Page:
The Coquette and The Boarding School

Broadview Press
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Hannah Webster Foster based The Coquette on the true story of Elizabeth Whitman, an unmarried woman who died in childbirth in New England. Fictionalizing Whitman’s experiences in her heroine, Eliza Wharton, Foster created a compelling narrative of seduction that was hugely successful with readers. The Boarding School, a less widely known work by Foster, is an experimental text, part epistolary novel and part conduct book. Together, the novels explore the realities of women’s lives in early America.

The critical introduction and appendices to this edition, which explore female friendship and the education of women in the novels, frame Foster as more than a purveyor of the sentimental novel, and re-evaluate her placement in American literary history.

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About the author

Jennifer Desiderio is Associate Professor of English at Canisius College, Buffalo, New York.

Angela Vietto is Associate Professor of English at Eastern Illinois University, Charleston, Illinois.

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Additional Information

Publisher
Broadview Press
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Published on
Jul 14, 2011
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Pages
356
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ISBN
9781460400777
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Language
English
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Genres
Fiction / Literary
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Content Protection
This content is DRM protected.
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Read Aloud
Available on Android devices
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Eligible for Family Library

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The place is Poland, in the early years of the German occupation. Pornografia's narrator, an author named Witold Gombrowicz, meets a swarthy and overly formal man named Fyderyk at a Warsaw house party, and the two soon become engaged in a business of a dubious (if not downright criminal) nature. When an acquaintance of theirs, a corpulent provincial landowner named Hipolit, requests that they come stay with him to discuss some of his city affairs, it is not hard to convince them to leave the claustrophobic city for the fresh air of the countryside.

Once in the country, however, Fryderyk and Witold quickly bore of their surroundings -- all of their surroundings, that is, but the two teenagers who are staying on Hipolit's farm: Henia, Hipolit's daughter; and Karol, the son of one of the farmhands, who has just returned from a stint in the Polish resistance movement. Both sixteen years old, they have known each other all their lives, and interact as naturally and indifferently as siblings. Witold, however, begins to obsess over their budding sexuality, and imposes on their every interaction an erotic twist that leaves him half-crazed with voyeuristic lust. He is convinced that Karol and Henia must go to bed with each other, and it soon becomes apparent that Fryderyk has the same idea; as their time at the farm progresses, both men turn seemingly innocent interactions with the two teenagers into a sort of erotic chess game. Small pretenses for contact between the young folks -- pointing out that Karol's pant cuffs are dragging in the dirt, for instance, and asking Henia to roll them up for him -- become fantastic acts pregnant with innuendo and possibility. The fact that Henia is engaged to a respectable (if dandyish) older man only makes the game more interesting. Communicating his intentions to Witold through a series of letters left under a brick near the farm's edge, Fryderyk begins to slowly undermine Henia's engagement. He tells the teenagers that he is directing a play, and asks them to mimic a slightly suggestive scene for him -- and then arranges for Witold to bring Henia's fiance, Vaclav, nearby at the most provocative moment. Vaclav of course misinterprets what he sees, and begins to sink into paranoia and suspicion of his young bride-to-be.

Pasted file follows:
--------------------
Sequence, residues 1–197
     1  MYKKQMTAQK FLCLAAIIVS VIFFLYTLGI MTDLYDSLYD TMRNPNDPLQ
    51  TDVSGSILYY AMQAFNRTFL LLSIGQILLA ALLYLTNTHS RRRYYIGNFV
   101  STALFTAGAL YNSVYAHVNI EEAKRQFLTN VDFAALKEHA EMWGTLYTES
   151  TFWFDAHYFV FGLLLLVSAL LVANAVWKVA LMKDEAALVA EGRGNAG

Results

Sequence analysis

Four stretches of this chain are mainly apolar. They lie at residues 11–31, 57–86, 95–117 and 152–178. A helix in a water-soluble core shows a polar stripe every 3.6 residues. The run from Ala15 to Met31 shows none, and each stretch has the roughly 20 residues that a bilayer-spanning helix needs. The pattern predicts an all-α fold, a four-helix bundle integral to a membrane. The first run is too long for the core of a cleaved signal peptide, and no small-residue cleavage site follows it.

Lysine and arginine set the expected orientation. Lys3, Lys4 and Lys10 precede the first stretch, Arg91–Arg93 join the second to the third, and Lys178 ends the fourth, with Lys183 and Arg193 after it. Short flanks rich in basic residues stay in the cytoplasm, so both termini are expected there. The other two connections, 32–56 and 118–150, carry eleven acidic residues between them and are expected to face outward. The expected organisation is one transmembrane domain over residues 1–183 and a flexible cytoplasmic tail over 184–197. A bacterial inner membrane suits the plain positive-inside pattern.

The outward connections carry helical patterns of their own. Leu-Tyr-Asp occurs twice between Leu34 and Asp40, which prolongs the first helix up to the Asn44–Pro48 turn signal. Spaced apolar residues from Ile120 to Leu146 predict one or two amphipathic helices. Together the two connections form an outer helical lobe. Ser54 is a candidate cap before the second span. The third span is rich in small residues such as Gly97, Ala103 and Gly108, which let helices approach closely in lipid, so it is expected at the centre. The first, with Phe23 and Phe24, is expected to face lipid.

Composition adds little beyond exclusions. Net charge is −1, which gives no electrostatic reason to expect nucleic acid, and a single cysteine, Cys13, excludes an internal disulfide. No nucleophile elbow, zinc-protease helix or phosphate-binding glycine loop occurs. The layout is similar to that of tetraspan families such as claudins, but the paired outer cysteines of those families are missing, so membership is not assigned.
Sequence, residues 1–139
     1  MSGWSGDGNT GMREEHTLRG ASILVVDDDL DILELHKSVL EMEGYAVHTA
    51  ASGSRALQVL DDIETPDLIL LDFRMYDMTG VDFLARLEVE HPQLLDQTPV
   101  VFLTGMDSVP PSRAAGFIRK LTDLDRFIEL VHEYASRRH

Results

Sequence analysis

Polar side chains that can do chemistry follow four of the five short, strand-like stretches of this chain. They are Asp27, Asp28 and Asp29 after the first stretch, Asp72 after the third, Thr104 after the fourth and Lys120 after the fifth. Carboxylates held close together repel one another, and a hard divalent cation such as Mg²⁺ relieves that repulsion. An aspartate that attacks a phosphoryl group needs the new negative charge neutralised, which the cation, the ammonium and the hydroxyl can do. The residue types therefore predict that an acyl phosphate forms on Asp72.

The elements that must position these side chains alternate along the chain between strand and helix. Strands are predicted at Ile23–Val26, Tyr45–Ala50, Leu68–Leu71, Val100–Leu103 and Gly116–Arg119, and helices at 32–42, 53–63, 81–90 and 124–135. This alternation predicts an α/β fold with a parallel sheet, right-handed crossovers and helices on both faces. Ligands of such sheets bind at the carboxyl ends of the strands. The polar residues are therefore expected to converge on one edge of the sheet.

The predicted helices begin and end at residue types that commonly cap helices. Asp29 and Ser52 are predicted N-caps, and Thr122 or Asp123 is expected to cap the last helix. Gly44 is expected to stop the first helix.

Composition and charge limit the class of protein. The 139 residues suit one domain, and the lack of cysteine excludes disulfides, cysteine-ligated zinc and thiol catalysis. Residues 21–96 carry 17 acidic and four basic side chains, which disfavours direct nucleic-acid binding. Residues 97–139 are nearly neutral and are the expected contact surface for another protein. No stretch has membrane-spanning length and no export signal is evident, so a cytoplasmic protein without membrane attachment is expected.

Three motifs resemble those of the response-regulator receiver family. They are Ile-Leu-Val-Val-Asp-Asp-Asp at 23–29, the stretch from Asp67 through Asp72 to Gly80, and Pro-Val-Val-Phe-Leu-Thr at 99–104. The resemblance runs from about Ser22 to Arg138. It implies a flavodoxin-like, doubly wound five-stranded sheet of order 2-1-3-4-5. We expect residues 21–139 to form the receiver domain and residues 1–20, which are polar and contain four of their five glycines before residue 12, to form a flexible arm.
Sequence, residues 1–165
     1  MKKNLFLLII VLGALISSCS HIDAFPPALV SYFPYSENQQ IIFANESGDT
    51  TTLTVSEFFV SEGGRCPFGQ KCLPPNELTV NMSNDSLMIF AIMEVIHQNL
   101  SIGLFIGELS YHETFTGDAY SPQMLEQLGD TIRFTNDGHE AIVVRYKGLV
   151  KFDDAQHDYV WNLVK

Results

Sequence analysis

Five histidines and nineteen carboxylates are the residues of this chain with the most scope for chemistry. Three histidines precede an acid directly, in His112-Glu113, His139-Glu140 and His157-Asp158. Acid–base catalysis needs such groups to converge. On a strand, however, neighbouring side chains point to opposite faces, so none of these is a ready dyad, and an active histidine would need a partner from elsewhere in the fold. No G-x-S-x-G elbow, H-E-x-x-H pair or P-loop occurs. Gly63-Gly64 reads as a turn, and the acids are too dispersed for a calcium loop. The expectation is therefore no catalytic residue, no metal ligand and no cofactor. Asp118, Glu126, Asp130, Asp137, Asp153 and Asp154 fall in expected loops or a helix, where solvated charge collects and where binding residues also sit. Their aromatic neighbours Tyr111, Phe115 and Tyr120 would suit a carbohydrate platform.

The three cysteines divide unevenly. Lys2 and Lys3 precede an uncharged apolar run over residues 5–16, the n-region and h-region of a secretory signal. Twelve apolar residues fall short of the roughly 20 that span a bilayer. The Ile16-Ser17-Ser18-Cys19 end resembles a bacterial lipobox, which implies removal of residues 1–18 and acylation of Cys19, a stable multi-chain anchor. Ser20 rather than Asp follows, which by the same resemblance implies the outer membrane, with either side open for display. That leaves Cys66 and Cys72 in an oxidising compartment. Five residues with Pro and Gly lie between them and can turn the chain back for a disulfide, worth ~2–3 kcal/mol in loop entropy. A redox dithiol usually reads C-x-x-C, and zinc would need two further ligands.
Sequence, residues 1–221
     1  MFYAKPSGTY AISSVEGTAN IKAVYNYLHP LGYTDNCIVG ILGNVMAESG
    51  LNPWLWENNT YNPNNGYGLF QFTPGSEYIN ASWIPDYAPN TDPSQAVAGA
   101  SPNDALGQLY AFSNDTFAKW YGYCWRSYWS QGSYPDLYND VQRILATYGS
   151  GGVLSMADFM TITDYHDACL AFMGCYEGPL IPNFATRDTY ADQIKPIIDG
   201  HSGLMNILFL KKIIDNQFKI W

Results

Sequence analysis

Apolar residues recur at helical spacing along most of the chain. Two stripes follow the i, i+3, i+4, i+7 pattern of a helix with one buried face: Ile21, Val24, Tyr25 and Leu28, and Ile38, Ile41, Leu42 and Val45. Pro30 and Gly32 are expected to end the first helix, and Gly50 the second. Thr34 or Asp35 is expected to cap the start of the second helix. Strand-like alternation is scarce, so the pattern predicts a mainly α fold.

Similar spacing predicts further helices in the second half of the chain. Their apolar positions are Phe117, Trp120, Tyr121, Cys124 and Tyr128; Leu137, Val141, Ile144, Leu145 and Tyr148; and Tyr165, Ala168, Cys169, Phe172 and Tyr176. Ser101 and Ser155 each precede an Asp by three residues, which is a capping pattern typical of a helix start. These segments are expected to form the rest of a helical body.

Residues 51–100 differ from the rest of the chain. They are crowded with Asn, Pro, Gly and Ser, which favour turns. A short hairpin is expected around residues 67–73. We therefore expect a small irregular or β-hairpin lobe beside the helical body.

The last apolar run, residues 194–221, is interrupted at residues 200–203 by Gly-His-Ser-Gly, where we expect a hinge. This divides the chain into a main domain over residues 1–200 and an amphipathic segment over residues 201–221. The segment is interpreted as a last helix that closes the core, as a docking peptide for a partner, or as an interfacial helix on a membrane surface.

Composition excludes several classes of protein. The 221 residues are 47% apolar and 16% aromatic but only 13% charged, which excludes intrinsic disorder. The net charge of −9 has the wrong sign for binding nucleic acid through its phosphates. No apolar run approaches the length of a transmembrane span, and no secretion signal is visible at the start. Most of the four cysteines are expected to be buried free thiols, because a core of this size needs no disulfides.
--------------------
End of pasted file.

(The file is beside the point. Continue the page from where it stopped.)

Two incidents of violence temporarily disrupt Witold and Fryderyk's games. First, Vaclav's mother is stabbed to death by a young thief in front of all the farm's residents. The tragedy leaves Vaclav even more unstable, and everyone involved shaken.

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Hipolit enlists the help of his other male guests, but none of them -- Witold, Fryderyk, or Vaclav -- can bring themselves to kill the man. Then Fryderyk stumbles upon an outrageous idea: he will manipulate Karol and Henia, and get them to perform the murder themselves. Sure enough, the two teens are obedient, just as they have been when Henia rolled up Karol's pant cuffs or when they performed a scene from a nonexistent play. The men give the teens a knife (much like the one which killed Vaclav's mother), and instruct them to enter Siemian's room and finish him off.

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